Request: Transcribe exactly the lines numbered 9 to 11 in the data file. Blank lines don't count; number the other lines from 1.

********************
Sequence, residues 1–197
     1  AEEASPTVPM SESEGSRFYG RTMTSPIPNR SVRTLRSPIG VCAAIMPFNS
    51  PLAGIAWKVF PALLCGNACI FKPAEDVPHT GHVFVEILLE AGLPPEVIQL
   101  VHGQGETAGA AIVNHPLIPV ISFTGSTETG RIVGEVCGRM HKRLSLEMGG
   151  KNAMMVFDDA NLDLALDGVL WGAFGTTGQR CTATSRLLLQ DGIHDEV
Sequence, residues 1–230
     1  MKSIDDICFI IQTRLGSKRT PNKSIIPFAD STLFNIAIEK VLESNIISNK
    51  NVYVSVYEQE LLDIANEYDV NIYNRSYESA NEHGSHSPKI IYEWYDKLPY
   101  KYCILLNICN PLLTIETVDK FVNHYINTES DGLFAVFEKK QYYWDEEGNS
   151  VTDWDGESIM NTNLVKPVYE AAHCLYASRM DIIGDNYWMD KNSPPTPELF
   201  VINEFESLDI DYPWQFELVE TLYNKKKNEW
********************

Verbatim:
   101  KYCILLNICN PLLTIETVDK FVNHYINTES DGLFAVFEKK QYYWDEEGNS
   151  VTDWDGESIM NTNLVKPVYE AAHCLYASRM DIIGDNYWMD KNSPPTPELF
   201  VINEFESLDI DYPWQFELVE TLYNKKKNEW